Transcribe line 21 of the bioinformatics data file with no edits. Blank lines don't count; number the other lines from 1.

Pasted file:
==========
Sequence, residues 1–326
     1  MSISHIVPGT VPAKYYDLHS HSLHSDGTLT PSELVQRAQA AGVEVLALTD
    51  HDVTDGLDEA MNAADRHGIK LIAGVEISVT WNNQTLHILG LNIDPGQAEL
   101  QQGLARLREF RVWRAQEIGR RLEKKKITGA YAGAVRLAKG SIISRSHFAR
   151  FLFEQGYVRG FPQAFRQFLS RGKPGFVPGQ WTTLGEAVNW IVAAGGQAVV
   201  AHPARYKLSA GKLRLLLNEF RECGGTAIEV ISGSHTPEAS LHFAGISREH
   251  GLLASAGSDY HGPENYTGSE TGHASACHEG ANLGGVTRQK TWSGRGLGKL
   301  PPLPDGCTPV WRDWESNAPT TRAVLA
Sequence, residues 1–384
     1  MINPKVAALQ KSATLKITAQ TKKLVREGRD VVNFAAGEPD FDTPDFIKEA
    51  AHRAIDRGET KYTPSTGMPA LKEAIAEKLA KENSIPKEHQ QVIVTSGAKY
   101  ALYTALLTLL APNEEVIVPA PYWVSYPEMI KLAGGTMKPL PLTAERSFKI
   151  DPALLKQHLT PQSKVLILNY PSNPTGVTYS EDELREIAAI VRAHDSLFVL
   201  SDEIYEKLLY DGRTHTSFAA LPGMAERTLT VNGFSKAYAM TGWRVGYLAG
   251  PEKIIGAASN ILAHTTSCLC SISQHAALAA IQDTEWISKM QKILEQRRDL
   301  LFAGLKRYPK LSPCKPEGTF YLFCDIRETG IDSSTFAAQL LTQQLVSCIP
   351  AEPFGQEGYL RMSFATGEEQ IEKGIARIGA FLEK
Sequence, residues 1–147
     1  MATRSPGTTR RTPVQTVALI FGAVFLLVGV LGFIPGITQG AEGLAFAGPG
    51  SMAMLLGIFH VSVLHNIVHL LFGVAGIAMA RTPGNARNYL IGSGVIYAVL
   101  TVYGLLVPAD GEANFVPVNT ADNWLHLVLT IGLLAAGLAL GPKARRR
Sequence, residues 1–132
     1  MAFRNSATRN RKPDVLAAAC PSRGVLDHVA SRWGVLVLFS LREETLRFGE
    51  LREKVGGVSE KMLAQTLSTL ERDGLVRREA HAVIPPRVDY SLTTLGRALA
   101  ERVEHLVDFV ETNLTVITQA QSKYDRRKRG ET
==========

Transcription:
   101  TVYGLLVPAD GEANFVPVNT ADNWLHLVLT IGLLAAGLAL GPKARRR